Last week I started a detox-cleanse. It’s relatively straightforward; I drink this special tea every morning and afternoon that may or may not be made with methamphetamine and follow a rigid diet and exercise plan. To give you a bit of insight into the plan here is a list of delicious food groups I cannot consume: processed foods, refined sugars, dairy, and whole grains. Overall, I haven’t found it too difficult to stick to the cleanse even as a self-professed “dairy queen”. In fact, the hardest part of the cleanse is resisting the urge to talk about it 24/7 with people who really have no interest in whatever the fuck plan I am doing.
I am currently on day 11 out of 14 and I’ve lost roughly 7 pounds. Before my mom ordered the cleanse for me she asked what my intentions were with it. She wanted to make sure I wasn’t using the plan as some form of rapid weight loss and that my desire to get it was driven more by a want to clean my system than to modify my size. I made certain to reassure her and said that I wanted to do the cleanse to change my eating habits and prove to myself that I am capable of holding myself to a commitment.
But I have to be honest and say that I felt some power in such rapid weight loss. To an extent, it makes me feel like I finally have control over one aspect of my life and at an uglier level; it gives me an inflated sense of ego. It gives me the right to judge others who eat poorly and allows me to falsely label myself as a “health guy” who knows everything about nutrition.
I believe a lot of these feelings and behaviors stem from the fact that I used to be kind of fat.Growing up I had been the chubby one in my friend group. In fact, I looked like a legitimate meatball. Things weren’t all that easy for me. I was a fat theatre kid, which is a combination of things that makes you an easy target for bullies. Even my own mother, bless you Nance, would mock me for my weight by pointing out that she could see my belly button through my t-shirt. She even told me that I was the reason why we weren’t allowed to have ice cream in the house, that devil woman!
It was until the end of my junior year that I truly underwent puberty. Before then I was a 5 foot tall, 135 pound boy who could have easily played Rosie O’Donnell’s body double. After puberty, I was 5 foot seven and a half inches and a lot thinner than I had previously been. While my body development may have been seriously delayed, I was happy that I lost weigh without having to exercise or change my diet. It was almost as if I was an opportunity to start my life over as a thin person and I was determined to take advantage of that and make myself the healthiest I could be.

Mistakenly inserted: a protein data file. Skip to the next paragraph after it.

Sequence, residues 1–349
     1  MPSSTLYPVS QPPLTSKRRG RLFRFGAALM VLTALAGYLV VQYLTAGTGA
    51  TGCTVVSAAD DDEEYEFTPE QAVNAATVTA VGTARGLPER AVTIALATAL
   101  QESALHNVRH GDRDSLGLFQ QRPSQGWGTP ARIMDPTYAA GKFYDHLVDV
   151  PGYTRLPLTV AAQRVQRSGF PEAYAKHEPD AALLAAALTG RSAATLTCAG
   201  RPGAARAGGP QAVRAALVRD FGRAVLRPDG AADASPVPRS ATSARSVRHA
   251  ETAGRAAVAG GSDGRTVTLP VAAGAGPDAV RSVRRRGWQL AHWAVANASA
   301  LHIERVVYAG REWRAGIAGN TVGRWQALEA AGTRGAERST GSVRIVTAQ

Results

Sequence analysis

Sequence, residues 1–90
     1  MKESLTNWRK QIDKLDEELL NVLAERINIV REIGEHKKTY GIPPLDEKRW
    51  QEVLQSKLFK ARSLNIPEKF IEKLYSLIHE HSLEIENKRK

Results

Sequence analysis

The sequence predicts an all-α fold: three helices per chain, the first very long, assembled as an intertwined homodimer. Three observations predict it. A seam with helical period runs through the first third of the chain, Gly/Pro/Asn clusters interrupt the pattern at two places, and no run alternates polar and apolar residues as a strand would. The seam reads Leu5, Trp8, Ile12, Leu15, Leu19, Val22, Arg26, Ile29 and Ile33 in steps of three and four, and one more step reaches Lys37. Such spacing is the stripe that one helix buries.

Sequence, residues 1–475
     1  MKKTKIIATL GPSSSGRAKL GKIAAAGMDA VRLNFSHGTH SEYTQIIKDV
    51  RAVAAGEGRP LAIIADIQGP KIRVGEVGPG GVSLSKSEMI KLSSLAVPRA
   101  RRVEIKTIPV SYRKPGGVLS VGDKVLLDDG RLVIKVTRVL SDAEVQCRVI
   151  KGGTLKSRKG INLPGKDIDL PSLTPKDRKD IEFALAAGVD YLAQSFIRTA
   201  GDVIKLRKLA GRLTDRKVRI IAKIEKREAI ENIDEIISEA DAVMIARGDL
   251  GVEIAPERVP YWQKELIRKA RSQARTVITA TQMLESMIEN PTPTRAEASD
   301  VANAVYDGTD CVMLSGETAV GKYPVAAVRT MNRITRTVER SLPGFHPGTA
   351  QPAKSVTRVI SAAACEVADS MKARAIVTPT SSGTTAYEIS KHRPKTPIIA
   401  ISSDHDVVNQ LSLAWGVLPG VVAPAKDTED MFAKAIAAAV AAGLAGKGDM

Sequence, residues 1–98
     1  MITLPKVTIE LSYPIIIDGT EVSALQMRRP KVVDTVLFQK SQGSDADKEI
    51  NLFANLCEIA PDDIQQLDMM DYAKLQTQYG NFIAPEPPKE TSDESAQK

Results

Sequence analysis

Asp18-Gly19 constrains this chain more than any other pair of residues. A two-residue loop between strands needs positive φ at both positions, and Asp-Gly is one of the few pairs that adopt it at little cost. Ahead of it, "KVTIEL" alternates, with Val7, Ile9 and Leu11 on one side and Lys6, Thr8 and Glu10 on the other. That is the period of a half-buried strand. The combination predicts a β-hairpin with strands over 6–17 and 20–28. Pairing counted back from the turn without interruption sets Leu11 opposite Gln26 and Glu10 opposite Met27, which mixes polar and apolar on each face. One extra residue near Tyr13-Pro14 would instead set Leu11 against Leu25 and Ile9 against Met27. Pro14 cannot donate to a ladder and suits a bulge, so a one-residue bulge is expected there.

Before this detox I committed myself to living a healthier life. I responded to my growing anxiety and depression by revising my diet and exercising regularly, which have both done wonders for me. I have never felt as good as I currently do. But as any person who was formerly fat knows, there is an anxiety that follows weight loss, primarily the fear of reverting back to your old ways. Every day I look at my stomach in the mirror and wish it was flatter. I obsessively calorie count or even skip meals if I feel I don’t deserve them. When people tell me I’m stick thin, I believe that they’re lying, or attempting to spare my feelings. The saddest part is that I’m more obsessed with my weight now than I was when I was actually heavy!
I became thin before I could fully accept myself for being fat. The change was so rapid that I didn’t have the time to mentally adjust. And my body insecurities have evolved as a result. I often catch myself commenting on other people’s eating habits or talking longwindedly about exercise as if I’m a fucking Iron Man athlete. And I’ve realized it is because I’m still as insecure as I was before. Instead of sad eating and self-loathing, I’m actively being antagonistic, tearing others down to make myself better. I’m now an insecure bitch with an elitist complex and that’s no fun for anyone.
People shouldn’t be driven to act this way or feel this way about their weight. We need to be more accepting of the diversity of body types and more importantly, we need to shut the fuck up about how other people live their lives. I’m not automatically better than someone if I only eat salad and exercise excessively. Just because someone is fat doesn’t mean they are lazy, nor does being skinny equate with having an eating disorder. Sometimes the way we are shaped is based on genetics or health conditions-other times it’s a result of eating habits and exercise. Either way, it doesn’t really matter! If someone is happy with the way they look, we should celebrate that! If someone is struggling with weight or body image, we should provide support and reinforcement. Because at the end of the day, we all beat ourselves up enough anyway. Do we really need other people joining in?